The smell of burnt popcorn wafting from the employee break room or cafeteria can be irritating or nauseating. But it turns out it can be even more serious: A Colorado man who ate microwave popcorn twice a day for ten years may have developed a serious lung condition from the fumes.
Employees set up on both sides of the "what can go in the microwave" issue--those staunchly in favor of an "anything goes" policy, and those vocal about limiting offensive odors. Should you get involved? Some employers post signs about what's appropriate (ours at Nolo reads, "If you are going to microwave odiferous food, please be considerate of your coworkers and our customers and use the back kitchen")--and with good reason, employers don't want bad smells to reach customers or irritate working employees.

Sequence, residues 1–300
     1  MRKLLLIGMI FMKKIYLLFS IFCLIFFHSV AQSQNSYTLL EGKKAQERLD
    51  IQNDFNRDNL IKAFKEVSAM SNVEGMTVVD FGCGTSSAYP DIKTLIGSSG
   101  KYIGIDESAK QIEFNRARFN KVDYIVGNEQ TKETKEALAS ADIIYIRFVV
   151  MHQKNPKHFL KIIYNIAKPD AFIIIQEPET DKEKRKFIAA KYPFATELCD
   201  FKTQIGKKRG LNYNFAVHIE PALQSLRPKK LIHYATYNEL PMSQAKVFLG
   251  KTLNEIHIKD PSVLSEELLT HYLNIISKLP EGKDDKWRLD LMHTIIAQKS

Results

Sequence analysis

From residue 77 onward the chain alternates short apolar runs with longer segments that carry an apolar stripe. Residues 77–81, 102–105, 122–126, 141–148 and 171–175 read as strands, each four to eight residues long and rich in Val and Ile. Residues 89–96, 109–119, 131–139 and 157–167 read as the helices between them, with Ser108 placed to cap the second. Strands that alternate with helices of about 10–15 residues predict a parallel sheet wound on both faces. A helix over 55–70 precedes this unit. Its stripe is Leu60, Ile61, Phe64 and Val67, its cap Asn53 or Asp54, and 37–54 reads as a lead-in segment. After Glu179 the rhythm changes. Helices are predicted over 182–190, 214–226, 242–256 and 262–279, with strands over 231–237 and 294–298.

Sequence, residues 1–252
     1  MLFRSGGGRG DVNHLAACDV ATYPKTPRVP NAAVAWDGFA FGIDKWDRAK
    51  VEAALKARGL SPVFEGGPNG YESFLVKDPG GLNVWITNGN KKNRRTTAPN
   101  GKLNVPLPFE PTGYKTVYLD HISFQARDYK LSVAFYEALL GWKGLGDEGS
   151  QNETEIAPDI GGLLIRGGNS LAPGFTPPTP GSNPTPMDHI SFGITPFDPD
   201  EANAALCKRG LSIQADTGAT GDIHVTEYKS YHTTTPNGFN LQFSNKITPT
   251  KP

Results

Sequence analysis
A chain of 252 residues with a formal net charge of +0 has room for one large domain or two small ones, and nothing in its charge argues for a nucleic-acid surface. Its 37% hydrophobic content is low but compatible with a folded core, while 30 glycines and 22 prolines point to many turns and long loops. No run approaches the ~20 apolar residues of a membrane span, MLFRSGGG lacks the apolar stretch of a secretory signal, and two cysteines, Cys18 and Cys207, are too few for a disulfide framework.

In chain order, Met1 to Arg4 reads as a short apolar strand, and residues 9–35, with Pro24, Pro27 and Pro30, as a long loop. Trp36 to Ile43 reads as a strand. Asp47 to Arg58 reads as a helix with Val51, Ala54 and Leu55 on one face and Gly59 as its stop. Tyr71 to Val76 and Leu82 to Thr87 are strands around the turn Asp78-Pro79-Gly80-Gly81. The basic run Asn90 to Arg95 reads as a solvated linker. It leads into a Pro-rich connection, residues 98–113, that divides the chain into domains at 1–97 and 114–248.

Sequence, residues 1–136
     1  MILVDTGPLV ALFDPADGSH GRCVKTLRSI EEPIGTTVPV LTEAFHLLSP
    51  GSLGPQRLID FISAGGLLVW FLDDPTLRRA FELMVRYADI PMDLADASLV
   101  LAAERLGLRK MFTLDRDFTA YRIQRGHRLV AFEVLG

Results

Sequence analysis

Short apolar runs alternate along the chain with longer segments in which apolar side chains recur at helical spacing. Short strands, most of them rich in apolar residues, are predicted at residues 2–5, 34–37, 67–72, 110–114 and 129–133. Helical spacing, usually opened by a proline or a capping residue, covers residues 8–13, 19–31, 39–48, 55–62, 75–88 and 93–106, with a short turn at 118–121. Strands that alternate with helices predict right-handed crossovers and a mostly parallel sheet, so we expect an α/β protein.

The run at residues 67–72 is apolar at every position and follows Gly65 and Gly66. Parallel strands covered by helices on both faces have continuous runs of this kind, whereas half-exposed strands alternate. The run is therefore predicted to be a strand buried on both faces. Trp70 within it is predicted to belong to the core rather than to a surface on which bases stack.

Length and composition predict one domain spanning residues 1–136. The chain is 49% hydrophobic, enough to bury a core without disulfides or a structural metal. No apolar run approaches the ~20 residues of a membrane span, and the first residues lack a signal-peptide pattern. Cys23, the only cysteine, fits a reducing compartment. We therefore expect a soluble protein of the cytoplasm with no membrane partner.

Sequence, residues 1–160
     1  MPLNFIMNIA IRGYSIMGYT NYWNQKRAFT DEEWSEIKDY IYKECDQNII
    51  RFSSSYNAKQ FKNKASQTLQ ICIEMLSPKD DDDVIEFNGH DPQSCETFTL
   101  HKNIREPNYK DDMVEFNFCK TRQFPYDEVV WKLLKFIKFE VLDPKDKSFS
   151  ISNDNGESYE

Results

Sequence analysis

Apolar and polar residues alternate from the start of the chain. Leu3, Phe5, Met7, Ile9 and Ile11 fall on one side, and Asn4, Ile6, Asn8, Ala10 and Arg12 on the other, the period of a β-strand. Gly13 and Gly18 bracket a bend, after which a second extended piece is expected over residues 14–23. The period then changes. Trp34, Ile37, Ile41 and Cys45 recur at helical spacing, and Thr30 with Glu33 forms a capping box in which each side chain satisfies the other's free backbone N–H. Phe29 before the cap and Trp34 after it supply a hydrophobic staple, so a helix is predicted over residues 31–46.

But with the newest information about the health effects of popcorn fumes, you may have employees concerned about their health, too. If your company has an "anything goes" approach to the break room microwave, give concerned employees a fumes-free break spot of their own. And keep these smells out of work areas--for example, by not allowing employees to have personal microwaves in their workspaces, or requiring them to spend break time in designated areas. Workplace injury claims are expensive and time-consuming; if a few simple changes can help avoid these claims, it's worth a little employee grumbling.
Who knows? Maybe someday workplace microwave fumes will be regulated like smoking is today. In the meantime, do what you can to respect employees on both sides of the debate--and save your own popcorn for the movie theater.